Travel

The Most Visited Tourist Destinations In Scotland

Scotland is well-known for its spectacular landscapes, rich culture and history, attracting many tourists from all around the globe.

Scotland is one of the most popular tourist destinations within the United Kingdom, mainly for its beautiful landscapes and rich history. The country offers a look at several prehistoric ruins, ancient castles, and museums. This article takes a closer look at the most visited tourist destinations in Scotland.

9. Ayrshire

Ayrshire County is located in the southwestern region of Scotland and is home to the Firth of Clyde, the deepest waters found off the coast of the British Isles. Tourists can visit historic, natural and architectural attractions in Ayrshire County. The Auchenharvie Castle ruins which date back to before the 1600s. Tourists looking for an experience in nature can visit the Galloway and Southern Ayrshire Biosphere, the first UNESCO Biosphere in Scotland. The Trump Turnberry golf course is also located here, which is home to a 5-star hotel and cottage accommodations.

8. Inverness

Inverness is located in the Highland region in the north of Scotland and is a popular central location for tourists. Inverness is close to the famous Loch Ness, a deep body of freshwater that the Loch Ness monster is rumored to inhabit, and the site of the 18th-century Battle of Culloden. King Macbeth, written about in Shakespeare’s Macbeth, once lived in a castle within the city as well. Visitors can check out many museums and galleries in the city, including the Inverness Museum and Art Gallery for a look at Jacobite artifacts, bagpipes, and weapons. Another attraction nearby are the Inverness islands to the south of the city, where tourists can walk through the wooded areas.

7. Perth

The city of Perth is another popular tourist destination in Scotland, located along the Tay River on the east coast. The area around this city has been inhabited since prehistoric times and is close to the ancient capital of the country, Scone. Tourists can visit several castles here including: the Huntingtower, the Balhousie, and the Elcho. Exhibits on the history of Perth can be found in The Fair Maid’s House, which is the oldest non-religious building in the city. Additionally, the largest collection of Medieval-era church bells can be found at the oldest church, St. John’s Kirk.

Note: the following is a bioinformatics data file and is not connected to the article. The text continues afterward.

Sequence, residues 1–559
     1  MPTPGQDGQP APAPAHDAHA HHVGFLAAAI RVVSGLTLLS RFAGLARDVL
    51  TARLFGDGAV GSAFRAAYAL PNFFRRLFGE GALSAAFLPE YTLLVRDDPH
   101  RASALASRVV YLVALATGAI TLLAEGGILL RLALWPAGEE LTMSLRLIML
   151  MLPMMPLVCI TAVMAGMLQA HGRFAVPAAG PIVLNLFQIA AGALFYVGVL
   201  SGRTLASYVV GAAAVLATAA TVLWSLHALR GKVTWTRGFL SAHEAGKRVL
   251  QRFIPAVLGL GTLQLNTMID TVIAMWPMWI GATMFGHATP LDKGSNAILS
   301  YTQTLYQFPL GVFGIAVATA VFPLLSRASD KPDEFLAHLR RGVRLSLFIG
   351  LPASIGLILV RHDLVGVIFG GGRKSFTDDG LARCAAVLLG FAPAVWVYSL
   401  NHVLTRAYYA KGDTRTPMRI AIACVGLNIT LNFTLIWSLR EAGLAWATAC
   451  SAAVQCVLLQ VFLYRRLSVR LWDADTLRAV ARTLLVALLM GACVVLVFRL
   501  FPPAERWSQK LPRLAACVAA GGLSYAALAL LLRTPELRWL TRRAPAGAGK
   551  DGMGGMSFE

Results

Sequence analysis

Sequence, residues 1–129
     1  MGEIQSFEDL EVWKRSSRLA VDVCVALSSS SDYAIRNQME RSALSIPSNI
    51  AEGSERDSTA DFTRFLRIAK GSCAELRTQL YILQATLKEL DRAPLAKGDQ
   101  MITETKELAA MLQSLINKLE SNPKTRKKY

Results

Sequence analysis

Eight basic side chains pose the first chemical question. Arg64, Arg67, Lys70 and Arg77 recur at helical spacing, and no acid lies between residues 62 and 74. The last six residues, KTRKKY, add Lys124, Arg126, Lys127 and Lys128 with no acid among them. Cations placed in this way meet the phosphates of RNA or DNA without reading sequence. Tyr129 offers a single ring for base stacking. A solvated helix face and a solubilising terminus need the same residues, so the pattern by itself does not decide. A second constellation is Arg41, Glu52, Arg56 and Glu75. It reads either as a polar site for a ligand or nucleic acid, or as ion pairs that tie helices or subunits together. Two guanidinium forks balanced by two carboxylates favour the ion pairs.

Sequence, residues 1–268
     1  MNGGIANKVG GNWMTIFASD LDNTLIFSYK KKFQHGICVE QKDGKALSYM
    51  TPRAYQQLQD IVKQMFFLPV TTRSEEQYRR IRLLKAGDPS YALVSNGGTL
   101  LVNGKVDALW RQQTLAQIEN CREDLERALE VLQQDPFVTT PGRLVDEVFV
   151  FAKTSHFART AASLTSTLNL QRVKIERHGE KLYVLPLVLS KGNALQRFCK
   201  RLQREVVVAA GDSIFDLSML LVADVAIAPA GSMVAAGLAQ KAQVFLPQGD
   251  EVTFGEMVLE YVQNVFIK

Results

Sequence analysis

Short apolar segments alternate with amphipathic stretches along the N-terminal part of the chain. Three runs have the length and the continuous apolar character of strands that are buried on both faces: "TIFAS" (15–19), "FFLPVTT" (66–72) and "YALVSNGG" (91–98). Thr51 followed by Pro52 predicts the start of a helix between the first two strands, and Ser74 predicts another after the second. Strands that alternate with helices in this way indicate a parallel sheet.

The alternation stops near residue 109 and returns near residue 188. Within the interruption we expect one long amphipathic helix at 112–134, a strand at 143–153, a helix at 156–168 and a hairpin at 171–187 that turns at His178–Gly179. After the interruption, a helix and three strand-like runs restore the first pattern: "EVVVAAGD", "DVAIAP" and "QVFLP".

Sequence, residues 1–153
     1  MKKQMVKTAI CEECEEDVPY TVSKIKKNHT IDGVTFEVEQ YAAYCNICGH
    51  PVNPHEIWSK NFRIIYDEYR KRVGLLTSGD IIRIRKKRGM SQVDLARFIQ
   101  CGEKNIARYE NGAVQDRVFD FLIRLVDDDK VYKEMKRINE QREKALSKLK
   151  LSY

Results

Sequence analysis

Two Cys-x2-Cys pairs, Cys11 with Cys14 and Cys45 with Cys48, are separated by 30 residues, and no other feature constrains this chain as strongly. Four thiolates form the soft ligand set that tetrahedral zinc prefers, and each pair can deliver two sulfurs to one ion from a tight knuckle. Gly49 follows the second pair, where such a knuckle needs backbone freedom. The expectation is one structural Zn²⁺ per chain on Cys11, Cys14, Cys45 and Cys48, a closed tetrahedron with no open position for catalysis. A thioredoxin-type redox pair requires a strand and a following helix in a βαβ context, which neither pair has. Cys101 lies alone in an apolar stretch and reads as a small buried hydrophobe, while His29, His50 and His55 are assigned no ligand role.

6. Dundee

Dundee is the 4th largest city in Scotland and is a popular tourist destination. It is located in the eastern central Lowlands region of the country. Because of its long history of scientific endeavors, Dundee is also referred to as “One City, Many Discoveries”. The most famous of these is perhaps the RRS Discovery which was used by Robert Falcon Scott in his famous 1901 Discovery Expedition to the Antarctic. It is now docked at the Discover Point. There are many other attractions in this city, including: The Balmerino Abbey, the Mills observatory, various museums, and number of golf courses.

5. St Andrews

St. Andrews is located 10 miles southeast of Dundee on the eastern coast in the council area of Fife. This city is very popular with golf-playing tourists and its entire economy relies on the golf industry. St. Andrews is also home to the oldest university in Scotland, the University of St. Andrews. Aside from the golf courses, one of the most popular attractions here is Kellie Castle, which dates back to at least the 14th century. Visitors to this castle can tour the gardens outside, enjoy tea time in the tearoom, appreciate art and ornate furniture, and visit the souvenir shop. Other tourist attractions in St. Andrews include: the Hill of Tarvit Mansion, the Eden Mill Distillery and Brewery, and the St. Andrews Aquarium.